Wednesday, February 12, 2014

What Tools Do You Use to Organize Your Work?

One of the benefits of being Jewish is the opportunity to work over the Christmas week in peace. It is the most focused time of the year for me--a great time to close out projects and prepare for the new year. For me, the end of 2013 coincided with a clear need to improve my general approach to list-making, task-recording, and note-taking. In 2013, I found myself constantly shaking my notebook and hoping that the needed bit of information would drop out. Until I figure out how to turn a notebook into a magic deck of cards--or at least embed a Command-F function into it--I need a better system.

There's a whole industry of tools and tips for getting things done, and I don't intend to add this blog to that empire. But I figure that we all have come up with tools that help us, both individually and in teams, to organize our work. I wanted to open up this post to your favorite approaches, especially simple things that don't require specialized software etc.

Here are five things I've started doing in 2014 that seem to be working:
  1. Added a Today list to my to-dos. I've always had a long task list on my desktop. I used to separate the list into two parts: "This Week" and specific projects. I almost exclusively worked from the This Week list, but it rarely got shorter and it became clear over time that some things on This Week were actually more like This Century. So I've added just one simple component to this list system: a list at the top called "Today." In the morning, first thing when I come in, I move things from This Week to Today and also add other things. I try to truly only include things I think I can accomplish that day, being mindful of my calendar. My rule of thumb is that I should be able to close out the Today list by noon. This means that most days, I finish the Today list, feel good about that accomplishment, and feel ready to "pull up" something from This Week to work on later in the day. I'm amazed at how This Week is getting smaller, even as new projects continue to come up.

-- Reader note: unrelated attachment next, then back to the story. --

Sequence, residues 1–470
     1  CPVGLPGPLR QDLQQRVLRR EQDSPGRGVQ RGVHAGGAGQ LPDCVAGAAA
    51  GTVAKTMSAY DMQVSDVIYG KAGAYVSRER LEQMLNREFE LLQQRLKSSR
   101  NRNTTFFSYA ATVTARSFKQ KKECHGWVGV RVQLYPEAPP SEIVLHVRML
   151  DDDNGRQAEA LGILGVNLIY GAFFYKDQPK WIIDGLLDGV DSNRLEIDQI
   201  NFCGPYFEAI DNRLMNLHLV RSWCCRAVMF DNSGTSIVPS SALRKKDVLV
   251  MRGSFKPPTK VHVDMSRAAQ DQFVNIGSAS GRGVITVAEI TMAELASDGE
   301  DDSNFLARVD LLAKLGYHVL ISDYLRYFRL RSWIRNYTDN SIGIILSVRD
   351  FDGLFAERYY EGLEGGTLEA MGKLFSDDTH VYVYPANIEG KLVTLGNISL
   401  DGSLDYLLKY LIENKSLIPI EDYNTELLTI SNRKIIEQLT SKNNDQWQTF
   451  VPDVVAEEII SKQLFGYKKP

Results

2. Blocking time on my calendar to work on projects. My calendar tends to be quite open a few weeks out, but totally packed within the next fourteen days. If it doesn't get calendared, it will get squeezed out. I had blocked time for grant proposals in the past but now have expanded this practice to other work that requires concentrated blocks of time.
  3. Separated Tasks from Notes. My notebook used to have both tasks and notes, which made it a mix of big ideas and time-limited, potentially trivial activities. Now, I use the notebook strictly for notes, and I use a mixture of my digital task list and scrap paper for task lists.
  4. Added a Table of Contents to my new notebook. This meant doing two things: numbering the pages and leaving a few blank in the front for the Table of Contents. I'm sure I could do this better, but for now, I just put a couple of big ongoing project headings in the Table of Contents and started marking pages on which notes for those projects occur.
  5. Started using Follow Up Then. OK, this is a piece of software, but it's free and super-easy to use. FollowUpThen is a system that allows you to forward any email to yourself at a time in the future ("monday" or "march2" or "2pm"). The email will pop up in your inbox at the designated time. I use this tool to clear my inbox of things that I need to follow up on eventually but not now. I get a couple hundred emails each day, and this allows me to focus on what I need to do and not waste time scanning my inbox and re-acquainting myself with things I guiltily feel that I should do. When something pops up from FollowUpThen, I know it's something I should consider to be on my "Today" list.
What do you use to lasso your tasks, goals, and dreams?
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